In this latest installment, authors Tom Main, partner in Oliver Wyman’s Health & Life Sciences practice, and Adrian Slywotzky, partner emeritus, shift their focus from market forces to marketplace structure, and they detail the rise of “multi-chain ecosystems” as the dominant new business model. They describe how multiple industries are converging to shatter the old sick-care model and create a new consumer health, wellness, and better-living marketplace – one that is driven by consumer needs, not sick-care codes and plan design. The transformation mirrors what has already occurred in other marketplaces, as consumer-centric companies like Apple and Amazon forced reinvention by collapsing industries and rebuilding them on consumers’ terms. Now, it’s healthcare’s turn.
Whether you are an incumbent trying to define your role in the shifting landscape or a new entrant looking for an unequalled growth runway, the possibilities are vast. Welcome to the revolution.Tom Main Partner Oliver Wyman
What Health Market 2.0 Looks Like
Healthcare is in the midst of a dramatic transformation. The current $3 trillion sick-care marketplace is bending to consumer-centric pressures and morphing to accommodate consumer-tech, retail, and scientific advancements. What is emerging is a new, integrated market that blends sick care with health, wellness, and lifestyle. In Health Market 2.0, the focus is on prevention, and the system bridges health, medication management, nutrition, stress management, mobile services, smart homes, behavior change, and more. According to Oliver Wyman analysis, combining the current sick-care market with wellness and better-living products and services will create a new $6 trillion market, with more than $1 trillion in value redistributed to new health and wellness ecosystems:
Already, consumers have access to connected, “smart” solutions for diabetes, congestive heart failure, asthma, and a select number of neurological disorders. The companies behind these Health Market 2.0 offerings are not perpetuating the existing business model; they have set out to build something new and different, utilizing a next-generation business design that integrates multiple industries to create a new, converged marketplace.
The Marketplace Revolution highlights how the new borderless, multi-chain business design – which is dependent on partnerships and the convergence of previously disconnected value promises – can lead to a dramatically more effective marketplace and a vastly improved consumer experience. The paper expresses this succinctly through its 40/100 formula (40% better value and 100x improved consumer experience).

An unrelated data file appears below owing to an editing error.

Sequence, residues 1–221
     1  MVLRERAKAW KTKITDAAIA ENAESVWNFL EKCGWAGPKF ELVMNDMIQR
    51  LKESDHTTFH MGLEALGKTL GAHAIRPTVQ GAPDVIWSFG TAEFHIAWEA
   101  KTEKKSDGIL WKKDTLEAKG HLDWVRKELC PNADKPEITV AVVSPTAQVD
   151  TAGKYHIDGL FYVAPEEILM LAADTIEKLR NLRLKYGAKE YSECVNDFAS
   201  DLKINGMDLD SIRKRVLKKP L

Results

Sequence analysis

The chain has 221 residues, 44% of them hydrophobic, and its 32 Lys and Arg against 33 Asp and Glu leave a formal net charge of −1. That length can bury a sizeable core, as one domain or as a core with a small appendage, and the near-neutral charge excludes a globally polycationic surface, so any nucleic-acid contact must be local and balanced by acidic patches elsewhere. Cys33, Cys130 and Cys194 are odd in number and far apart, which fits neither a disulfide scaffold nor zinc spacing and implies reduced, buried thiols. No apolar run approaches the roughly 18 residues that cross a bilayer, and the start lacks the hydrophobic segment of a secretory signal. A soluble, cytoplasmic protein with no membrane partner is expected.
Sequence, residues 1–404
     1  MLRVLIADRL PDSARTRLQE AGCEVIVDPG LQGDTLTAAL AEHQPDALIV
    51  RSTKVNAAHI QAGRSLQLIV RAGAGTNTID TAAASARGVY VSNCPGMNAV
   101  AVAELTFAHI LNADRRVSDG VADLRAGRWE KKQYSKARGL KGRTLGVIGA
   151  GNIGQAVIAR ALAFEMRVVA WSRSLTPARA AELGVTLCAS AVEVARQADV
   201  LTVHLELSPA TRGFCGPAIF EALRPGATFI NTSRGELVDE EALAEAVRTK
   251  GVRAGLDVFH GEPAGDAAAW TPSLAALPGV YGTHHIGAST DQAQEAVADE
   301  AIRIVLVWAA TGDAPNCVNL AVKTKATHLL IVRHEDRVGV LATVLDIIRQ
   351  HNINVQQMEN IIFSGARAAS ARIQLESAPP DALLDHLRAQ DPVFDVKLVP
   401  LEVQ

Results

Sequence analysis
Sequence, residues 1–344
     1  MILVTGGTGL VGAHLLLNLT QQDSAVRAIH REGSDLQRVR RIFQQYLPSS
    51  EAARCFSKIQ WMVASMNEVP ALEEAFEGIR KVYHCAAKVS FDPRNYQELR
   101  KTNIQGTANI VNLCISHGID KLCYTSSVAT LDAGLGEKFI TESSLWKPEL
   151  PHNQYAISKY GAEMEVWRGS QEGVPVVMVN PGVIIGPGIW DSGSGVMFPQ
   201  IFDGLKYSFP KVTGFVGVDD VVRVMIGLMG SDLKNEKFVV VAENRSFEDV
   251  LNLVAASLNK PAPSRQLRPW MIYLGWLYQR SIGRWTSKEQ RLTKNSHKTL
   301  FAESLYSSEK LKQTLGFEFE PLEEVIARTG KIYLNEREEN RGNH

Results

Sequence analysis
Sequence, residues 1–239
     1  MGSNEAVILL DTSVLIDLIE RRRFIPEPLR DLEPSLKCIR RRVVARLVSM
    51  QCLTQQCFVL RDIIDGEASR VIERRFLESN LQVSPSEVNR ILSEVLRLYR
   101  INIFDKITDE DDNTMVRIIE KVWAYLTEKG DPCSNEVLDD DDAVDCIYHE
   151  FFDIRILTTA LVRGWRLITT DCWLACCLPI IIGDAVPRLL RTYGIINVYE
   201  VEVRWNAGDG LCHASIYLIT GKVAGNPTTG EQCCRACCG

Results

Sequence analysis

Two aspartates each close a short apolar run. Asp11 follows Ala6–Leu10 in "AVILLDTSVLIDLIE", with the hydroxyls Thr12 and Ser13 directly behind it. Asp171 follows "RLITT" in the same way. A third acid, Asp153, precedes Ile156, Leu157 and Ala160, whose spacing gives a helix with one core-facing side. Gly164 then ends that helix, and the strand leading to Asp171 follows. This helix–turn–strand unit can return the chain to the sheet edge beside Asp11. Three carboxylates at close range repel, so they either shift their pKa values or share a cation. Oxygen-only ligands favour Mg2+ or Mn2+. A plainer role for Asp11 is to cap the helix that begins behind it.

The new multi-chain ecosystems are focused on defined markets and opportunities that improve consumers’ lives. They bring the world to individuals on their terms, in their language and life context, and they all share three common design elements:
1Healthcare spending already accounts for almost 20 percent of GDP. What does a doubling of the market – to the $6 trillion you project – mean for the U.S. economy?
We are not talking about creating new market spaces, but rather connecting adjacent markets we believe will work much better for the consumer if combined. The easiest example is healthcare + wellness + food. What people eat is a driver of health and contributes significantly to chronic diseases. By connecting these markets, we begin to break the economic death spiral of our sick-care system.
2Why should we believe this will happen now?
Transformation has been predicted many times before. So what is different? The gap between consumer affordability and action-ability continues to expand, creating unprecedented consumer dissatisfaction. New tech-enabled health solutions are creating consumer alternatives that create 2x more value and are 10x more personalized. And web and mobile-tech companies are arming consumers with powerful tools needed to level the playing field. Behemoth adjacent players like Walmart, Walgreens, IBM/Watson, and Google are playing to win.
3Is Health Market 2.0 all about upstarts and market disrupters?
Of course not. The health plans control most of the $3 trillion; providers gate-keep and meter out care; and the government controls the rules. Getting to Health Market 2.0 means the smaller, disruptive innovators must continue to bring break-through innovation to the market and incumbents must work to reinvent the sick-care system. But the big changes will come from the disruptors who are working on solutions that bypass or replace the current sick-care system altogether.